Now that is true love.
I have no preference when it comes to Miracle Whip and Mayo. I can't even tell a difference between them. Truly.
I think every student in the nation should have heard that speech yesterday.
I love BYU. A lot. Even when the sports teams lose, and I have to listen to snarky comments from my in-laws. (Oh wait. I have to listen to those even when they WIN.)
I find it completely absurd that people will ask couples point-blank about their "family plans." Isn't that private? Like, is there anything more private than that? I know we're all curious, but when they ask those questions, do they want to hear the real answers?
(I was actually hoping you would cheat.)
According to my Dashboard, this is my 200th post!
Unfortunately, at least 15 of those posts are drafts, never to see the light of the public eye.
Today I'm wishing I was in Milan with Angie
Shopping at the ultra-fashionable stores,
walking through the 15th-century castle and napping in the park behind it.
I would love to see Da Vinci's Last Supper again,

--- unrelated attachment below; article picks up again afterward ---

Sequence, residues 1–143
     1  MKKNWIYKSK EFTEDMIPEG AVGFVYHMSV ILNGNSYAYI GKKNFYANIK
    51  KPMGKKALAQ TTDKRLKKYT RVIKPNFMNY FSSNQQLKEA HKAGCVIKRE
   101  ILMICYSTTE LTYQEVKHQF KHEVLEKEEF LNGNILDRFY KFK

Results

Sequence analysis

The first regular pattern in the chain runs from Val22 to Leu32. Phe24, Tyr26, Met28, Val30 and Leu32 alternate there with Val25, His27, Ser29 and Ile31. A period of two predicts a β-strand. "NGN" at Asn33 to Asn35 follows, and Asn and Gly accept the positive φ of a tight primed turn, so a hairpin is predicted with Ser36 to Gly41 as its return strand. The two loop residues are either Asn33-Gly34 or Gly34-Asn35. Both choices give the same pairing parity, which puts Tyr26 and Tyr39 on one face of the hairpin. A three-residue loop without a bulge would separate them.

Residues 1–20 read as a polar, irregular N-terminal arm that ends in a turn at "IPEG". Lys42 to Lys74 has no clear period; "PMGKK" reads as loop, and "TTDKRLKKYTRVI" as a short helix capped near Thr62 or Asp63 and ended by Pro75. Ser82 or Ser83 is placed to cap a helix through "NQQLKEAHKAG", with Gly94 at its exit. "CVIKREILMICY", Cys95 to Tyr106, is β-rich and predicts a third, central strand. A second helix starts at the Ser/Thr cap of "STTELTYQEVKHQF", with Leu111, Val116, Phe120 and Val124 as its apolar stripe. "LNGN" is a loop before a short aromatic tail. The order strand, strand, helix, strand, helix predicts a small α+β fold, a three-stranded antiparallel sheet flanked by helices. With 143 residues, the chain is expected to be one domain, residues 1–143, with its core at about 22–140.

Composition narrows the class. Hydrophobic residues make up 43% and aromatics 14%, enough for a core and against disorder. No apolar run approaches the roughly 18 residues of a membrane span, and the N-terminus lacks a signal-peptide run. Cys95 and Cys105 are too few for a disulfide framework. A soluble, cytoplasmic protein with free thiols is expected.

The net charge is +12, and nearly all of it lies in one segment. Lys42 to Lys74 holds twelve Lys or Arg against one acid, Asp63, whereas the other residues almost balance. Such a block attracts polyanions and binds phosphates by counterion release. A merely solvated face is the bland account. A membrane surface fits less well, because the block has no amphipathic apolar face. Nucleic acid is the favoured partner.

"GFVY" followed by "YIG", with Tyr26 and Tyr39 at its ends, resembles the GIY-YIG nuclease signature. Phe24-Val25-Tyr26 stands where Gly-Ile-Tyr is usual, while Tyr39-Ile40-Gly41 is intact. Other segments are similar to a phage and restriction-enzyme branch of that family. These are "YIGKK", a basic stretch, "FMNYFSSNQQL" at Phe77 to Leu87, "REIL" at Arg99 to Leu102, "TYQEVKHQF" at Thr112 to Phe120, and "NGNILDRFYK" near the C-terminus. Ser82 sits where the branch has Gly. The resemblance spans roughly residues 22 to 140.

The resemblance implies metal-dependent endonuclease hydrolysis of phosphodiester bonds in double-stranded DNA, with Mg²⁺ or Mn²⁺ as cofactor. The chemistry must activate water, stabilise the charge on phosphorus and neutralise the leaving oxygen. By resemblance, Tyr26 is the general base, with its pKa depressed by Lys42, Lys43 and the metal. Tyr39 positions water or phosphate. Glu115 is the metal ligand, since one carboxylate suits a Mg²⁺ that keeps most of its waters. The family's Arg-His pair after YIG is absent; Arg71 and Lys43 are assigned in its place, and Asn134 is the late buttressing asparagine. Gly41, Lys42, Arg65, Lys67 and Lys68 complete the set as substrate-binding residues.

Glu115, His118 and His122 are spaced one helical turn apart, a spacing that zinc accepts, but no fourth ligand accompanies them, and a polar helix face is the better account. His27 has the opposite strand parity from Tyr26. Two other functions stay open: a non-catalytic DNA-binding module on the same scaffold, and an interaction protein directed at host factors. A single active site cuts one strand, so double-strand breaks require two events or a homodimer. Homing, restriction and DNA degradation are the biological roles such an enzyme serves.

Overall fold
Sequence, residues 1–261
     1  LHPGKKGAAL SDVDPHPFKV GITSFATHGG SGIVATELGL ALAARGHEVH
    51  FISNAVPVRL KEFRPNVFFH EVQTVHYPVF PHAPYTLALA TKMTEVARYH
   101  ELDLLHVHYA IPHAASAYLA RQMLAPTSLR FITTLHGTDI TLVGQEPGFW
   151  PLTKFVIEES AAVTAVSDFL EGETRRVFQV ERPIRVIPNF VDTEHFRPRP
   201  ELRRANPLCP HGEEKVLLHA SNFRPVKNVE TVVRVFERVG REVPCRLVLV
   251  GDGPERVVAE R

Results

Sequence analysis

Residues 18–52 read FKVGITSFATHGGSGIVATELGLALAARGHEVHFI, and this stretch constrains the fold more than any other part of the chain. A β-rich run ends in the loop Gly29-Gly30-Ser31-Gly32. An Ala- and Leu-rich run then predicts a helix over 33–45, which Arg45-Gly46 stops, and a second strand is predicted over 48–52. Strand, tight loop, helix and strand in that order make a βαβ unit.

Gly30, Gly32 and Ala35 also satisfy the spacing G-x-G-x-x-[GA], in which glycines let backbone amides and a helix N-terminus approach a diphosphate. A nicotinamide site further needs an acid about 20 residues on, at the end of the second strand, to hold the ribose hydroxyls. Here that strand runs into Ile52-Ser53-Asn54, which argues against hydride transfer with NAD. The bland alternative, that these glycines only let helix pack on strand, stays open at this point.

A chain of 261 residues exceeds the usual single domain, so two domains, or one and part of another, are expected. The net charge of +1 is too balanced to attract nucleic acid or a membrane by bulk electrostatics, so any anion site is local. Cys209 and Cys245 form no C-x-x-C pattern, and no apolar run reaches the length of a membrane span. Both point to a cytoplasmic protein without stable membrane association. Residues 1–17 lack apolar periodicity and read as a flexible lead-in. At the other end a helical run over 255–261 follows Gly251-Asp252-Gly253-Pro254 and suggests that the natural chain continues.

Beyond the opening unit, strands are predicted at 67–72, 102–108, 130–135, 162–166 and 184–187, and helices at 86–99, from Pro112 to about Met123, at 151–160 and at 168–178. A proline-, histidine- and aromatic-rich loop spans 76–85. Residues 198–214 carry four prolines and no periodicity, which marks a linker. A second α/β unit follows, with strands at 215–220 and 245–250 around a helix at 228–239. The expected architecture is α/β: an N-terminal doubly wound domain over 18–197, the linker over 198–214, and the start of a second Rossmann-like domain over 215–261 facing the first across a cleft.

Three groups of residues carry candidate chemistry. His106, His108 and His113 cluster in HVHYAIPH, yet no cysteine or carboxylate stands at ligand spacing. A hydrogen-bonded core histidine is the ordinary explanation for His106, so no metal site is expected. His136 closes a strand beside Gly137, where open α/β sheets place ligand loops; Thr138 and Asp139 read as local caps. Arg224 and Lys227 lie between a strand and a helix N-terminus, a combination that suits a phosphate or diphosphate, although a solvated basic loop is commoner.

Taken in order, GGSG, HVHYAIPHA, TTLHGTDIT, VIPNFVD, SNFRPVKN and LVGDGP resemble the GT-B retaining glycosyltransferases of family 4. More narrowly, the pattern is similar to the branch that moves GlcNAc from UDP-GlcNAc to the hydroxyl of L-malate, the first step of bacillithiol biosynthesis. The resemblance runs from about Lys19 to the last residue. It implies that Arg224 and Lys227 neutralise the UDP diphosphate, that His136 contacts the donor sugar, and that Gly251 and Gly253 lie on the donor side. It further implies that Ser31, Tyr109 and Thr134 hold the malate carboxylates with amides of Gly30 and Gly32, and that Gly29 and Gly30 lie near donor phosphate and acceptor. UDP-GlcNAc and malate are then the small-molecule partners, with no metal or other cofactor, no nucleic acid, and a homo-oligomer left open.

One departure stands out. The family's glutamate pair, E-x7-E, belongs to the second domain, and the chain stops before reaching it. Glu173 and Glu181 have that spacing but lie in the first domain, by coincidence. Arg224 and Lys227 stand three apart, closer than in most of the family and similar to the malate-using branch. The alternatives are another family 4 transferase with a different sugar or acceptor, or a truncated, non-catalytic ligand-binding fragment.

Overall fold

'Course, only an hour's train ride away, there is a beautiful little town built around a beautiful lake.
First of all, I'm so impressed with people who dedicate that kind of time to running, something I have a hard time doing at all, and especially in public so that other people can see. If/When I exercise, I avoid human contact at all costs. Strange but true.
Second, they are competing. Emily shaved two minutes off her time from the meet last weekend - which is amazing - and if you recall, when I was her age, I couldn't run. Period.
A strange thing happened as I watched the runners go past once, twice, and then push on to the end. Parents, teammates and coaches cheered them on from all sides; I joined them as I snapped pics of Audrey and my sweet Em.
I started crying.
The emotion came out of nowhere, really, and I had to check myself to keep the tears from coming. You know, the quick-blink, hard-swallow drill that holds the weeping at bay. I had to do it for almost an hour straight ... Or else I would have been bawling right there on the sidelines.
This happened to me once before, at the one track meet of my life. It was the 2007 State Meet at BYU's outdoor track, and I was there to watch my brother Alex compete. Oh my heavens, I couldn't believe the emotions that boiled up as I watched those kids race toward the finish line.
Isn't that the strangest thing?
Finally, after swallowing and taking pictures and walking around a little, I told my mom that I was having a hard time not crying."Oh, me too," she said. "These things get me every time. I'm so glad I'm not the only one!"
Mystery solved. It's genetics.